Nadeshda Batoeva, twice Cinderella at the Zellerbach, possesses a physique to arouse empathy, scrubbing motions abounding. Appearing at the ballroom in modest white embellished with brilliants, a flowing Empire romantic length gown, hands over her face in disbelief, the pause by the ballroom attendants, then the Prince, was just what one believes a fairy tale can express. The subsequent exchange between her and the Prince included pauses, retreats, a tour around two well-placed columns, an understandable hesitation – “what am I getting in to” – as growing rapture began to manifest. One passe Batoeva executed, as partnered by Shklyarev, also twice dancing the Prince, captured the “I can’t really believe it’s happening,” before she is given the stage to dance first in the latest jazzy fashion, before in brilliantly shaded classic lyricism, a technique of melting emotion.

The Prince, Vladimir Shklyarev, blond, handsome, blessed with a lithe body and prodigious technique, enjoyed a role with growth from a “look at me attitude,” wonderfully underlined by brushing gestures on his left shoulder while regarding the audience head on, then intrigued, enraptured, then a discouraged seeker for his beloved, all handled with charm and conviction.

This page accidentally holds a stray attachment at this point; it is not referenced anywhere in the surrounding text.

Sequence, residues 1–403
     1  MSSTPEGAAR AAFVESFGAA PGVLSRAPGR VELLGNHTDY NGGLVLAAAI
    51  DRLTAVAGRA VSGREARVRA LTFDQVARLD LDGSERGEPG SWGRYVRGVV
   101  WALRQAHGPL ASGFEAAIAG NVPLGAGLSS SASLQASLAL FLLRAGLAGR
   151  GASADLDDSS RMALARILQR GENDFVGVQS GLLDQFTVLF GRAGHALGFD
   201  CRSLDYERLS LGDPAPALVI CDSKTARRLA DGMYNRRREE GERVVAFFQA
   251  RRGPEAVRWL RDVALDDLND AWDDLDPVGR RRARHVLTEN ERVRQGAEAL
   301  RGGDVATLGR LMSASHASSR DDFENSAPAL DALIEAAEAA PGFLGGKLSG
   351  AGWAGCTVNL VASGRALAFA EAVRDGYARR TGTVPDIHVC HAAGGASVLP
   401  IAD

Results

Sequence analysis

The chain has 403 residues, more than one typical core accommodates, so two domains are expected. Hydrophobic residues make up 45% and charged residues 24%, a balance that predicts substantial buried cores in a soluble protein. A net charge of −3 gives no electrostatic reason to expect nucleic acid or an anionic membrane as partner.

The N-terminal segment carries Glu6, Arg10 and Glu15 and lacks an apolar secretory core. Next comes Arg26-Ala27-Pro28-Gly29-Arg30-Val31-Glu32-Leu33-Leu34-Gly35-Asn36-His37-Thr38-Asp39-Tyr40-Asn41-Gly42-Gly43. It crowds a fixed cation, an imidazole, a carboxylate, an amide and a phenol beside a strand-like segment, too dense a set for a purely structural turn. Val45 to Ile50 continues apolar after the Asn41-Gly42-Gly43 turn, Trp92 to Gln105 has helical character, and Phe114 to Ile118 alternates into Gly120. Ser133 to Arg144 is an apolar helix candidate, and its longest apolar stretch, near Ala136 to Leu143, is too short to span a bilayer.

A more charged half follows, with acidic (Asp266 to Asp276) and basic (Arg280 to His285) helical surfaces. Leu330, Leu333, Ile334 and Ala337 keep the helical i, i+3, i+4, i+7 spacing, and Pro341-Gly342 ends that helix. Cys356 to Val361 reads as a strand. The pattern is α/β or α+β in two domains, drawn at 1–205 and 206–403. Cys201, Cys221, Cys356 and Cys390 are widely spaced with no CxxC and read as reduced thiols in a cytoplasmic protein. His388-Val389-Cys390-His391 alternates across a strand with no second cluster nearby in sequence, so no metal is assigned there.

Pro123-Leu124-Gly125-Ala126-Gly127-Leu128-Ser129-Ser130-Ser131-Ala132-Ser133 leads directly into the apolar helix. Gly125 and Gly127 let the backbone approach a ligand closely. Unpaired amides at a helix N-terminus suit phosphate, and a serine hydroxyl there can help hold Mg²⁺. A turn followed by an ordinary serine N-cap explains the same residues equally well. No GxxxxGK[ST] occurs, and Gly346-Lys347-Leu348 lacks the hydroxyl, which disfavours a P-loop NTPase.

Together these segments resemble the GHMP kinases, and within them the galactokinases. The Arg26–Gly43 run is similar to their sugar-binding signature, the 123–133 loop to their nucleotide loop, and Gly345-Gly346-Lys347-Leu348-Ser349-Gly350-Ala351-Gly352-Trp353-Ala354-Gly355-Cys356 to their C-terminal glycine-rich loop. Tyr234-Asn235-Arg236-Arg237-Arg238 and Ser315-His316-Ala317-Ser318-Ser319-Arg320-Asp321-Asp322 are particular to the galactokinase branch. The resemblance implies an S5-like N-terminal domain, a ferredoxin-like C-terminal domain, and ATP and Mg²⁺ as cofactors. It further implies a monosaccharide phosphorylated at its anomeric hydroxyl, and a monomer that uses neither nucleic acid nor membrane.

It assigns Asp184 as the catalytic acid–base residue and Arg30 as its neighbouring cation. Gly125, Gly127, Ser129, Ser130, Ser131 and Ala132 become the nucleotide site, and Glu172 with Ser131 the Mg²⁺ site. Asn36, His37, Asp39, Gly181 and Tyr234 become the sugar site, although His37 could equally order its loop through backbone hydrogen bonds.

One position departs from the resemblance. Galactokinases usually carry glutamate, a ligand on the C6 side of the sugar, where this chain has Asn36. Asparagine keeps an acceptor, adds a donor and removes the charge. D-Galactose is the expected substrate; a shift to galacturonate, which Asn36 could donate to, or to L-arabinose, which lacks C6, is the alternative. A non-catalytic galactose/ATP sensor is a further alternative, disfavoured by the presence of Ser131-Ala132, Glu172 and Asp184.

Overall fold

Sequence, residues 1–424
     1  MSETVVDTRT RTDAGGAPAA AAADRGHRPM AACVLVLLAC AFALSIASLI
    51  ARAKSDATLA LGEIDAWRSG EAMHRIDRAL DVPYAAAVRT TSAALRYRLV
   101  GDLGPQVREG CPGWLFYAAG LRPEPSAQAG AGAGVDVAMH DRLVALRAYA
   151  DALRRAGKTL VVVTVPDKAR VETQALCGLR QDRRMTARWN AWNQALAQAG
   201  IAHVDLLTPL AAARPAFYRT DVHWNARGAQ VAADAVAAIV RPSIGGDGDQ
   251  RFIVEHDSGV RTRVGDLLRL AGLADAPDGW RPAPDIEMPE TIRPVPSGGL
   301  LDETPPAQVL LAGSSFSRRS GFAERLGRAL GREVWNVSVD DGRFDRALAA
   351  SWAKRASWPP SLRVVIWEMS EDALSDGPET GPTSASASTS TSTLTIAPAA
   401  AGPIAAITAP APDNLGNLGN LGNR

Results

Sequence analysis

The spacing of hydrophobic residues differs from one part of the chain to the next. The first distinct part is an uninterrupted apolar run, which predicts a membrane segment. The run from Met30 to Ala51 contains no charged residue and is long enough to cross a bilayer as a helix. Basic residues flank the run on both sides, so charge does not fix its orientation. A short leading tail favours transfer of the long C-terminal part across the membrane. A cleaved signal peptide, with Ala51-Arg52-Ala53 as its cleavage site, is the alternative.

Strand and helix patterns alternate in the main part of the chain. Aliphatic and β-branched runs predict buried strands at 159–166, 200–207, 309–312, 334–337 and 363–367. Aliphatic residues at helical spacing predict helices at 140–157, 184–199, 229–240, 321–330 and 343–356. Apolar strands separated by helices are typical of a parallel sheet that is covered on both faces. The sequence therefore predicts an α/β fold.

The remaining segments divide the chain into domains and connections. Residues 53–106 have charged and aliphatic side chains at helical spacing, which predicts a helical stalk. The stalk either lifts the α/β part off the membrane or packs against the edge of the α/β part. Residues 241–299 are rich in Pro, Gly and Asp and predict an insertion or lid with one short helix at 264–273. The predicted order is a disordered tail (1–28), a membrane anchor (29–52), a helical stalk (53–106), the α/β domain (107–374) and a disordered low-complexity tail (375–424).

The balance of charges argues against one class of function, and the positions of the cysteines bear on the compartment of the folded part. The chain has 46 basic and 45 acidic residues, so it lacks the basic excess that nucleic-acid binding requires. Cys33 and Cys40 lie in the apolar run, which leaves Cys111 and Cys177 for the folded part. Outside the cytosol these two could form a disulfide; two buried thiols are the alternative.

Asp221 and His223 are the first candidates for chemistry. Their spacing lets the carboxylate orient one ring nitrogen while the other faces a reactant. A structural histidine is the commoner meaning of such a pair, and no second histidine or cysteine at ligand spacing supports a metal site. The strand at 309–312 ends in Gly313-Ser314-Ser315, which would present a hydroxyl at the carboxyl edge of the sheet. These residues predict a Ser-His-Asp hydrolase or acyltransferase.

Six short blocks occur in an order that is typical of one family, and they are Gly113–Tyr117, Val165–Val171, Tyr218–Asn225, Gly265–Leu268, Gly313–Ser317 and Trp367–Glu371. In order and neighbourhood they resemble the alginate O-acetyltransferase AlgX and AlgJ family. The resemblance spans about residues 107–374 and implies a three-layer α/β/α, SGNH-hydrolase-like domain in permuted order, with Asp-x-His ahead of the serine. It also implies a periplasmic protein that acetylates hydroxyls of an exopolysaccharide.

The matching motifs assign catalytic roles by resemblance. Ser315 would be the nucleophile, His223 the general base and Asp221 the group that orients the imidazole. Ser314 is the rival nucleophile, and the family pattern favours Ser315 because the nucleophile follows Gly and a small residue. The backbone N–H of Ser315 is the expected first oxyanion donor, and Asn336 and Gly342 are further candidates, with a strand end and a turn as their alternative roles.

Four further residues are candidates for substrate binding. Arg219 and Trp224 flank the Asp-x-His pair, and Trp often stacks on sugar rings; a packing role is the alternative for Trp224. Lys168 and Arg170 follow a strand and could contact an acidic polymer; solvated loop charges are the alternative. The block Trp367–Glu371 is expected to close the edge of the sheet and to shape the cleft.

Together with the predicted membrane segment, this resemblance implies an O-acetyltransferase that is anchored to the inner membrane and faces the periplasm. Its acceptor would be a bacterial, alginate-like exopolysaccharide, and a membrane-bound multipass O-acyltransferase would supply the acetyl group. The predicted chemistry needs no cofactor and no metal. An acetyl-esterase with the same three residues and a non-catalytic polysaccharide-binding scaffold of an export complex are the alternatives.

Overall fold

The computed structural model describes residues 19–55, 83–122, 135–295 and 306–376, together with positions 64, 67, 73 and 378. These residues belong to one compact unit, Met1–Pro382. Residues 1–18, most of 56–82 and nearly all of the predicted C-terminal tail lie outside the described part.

Fellow colleagues have commented on the flaws of the production while praising the calibre of the dancing. Zellerbach may be the end of the foreign presentations of Ratmansky’s conception; still, it is gloriously realized in the smartness of the corps’ ballroom gowns, solid colors ranging from marigold through russet reds and a maroon or two, the design with adroit slits on one side to near the hip, accenting urban mendacity. The colors also hint at the autumn of fair tales themselves.

Ratmansky provided cheeky comment with the ensemble of women and men he ventured into in his search with the slipper. Nothing but charm ensued when Cinderella dropped the other slipper from the stairs above the Prince, sitting disconsolately on the lower landing. His climbing and her retreating in the double staircase made for visual satisfaction, prelude to a soaring pas de deux. Colleagues aside, and agreeing with some slow spots, I would enjoy seeing Ratmansky’s early essay on this quite Russian Cinderella again, supported by the Maryinsky Ballet Orchestra conducted by Gavriel Heine.


2014 USAIBC Results, June 27, 2014

20 Aug

These comments will see the website not quire two months following the announcement of winners for the 2014 USAIBC Competition. In thirty-five years technology has devastated “scoops”, Facebook and YouTube almost decreeing “sayonara” to ritual and decorum.